Jean Grand-Maitre and I are creating a 30 minute ballet inspired by the wonderful magic of Phi. It has long been used overtly as a device, used most notably my Bartok, Webern, Nono, and even Debussy. Most uses I have observed and read about use phi as a formal or rhythmic device. I myself have used phi as a catalyst and inspiration, in my doctoral thesis St Croix, and in Talking Down the Tiger. In this piece, I wanted to explore phi melodically and harmonically. After several weeks of research, I was very pleased with the results:
This is a matrix I created using phi. It is the amalgam of 2 smaller melodies (AKA hexachords), shown here.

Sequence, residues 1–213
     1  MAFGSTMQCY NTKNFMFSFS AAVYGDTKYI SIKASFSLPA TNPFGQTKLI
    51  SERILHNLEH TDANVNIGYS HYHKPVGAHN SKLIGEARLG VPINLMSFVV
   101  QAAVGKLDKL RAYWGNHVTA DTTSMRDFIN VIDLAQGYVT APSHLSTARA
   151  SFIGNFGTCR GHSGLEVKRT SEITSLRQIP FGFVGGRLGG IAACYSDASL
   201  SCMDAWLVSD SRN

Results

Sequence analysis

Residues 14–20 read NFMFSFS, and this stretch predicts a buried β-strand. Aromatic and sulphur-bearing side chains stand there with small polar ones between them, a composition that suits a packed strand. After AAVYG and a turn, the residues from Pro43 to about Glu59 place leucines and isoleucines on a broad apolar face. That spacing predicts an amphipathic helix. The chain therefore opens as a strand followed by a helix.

Interesting facts on PHI: any 10 consecutive fibonacci numbers added up will give a sum which is divisible by 11 (and the 7th number of any 10 consecutive numbers, if multiplied by 11, will give the sum of those same 10 numbers!). I Thank Mario Livio for this insight, in his wonderful book “The Golden Ratio”
This is particularly interesting to me as I had inadvertently created an 11 note ‘row’ (much like a 12 tone row used by serialists). Interestingly, the missing pitch is the tritone, the most dissonant interval. This happened quite by chance. Using 1 and the pitch C, Db is 2, D is 3, and so on. As one proceeds this way in either an upward or downward direction, the pitch F# does not appear for quite some time (at least until the 30th number in the series. Eventually it probably appears, but I have yet to test it beyond the 1st 30 numbers).
Here is the melody derived using Fibonacci numbers, going up and down in alternation: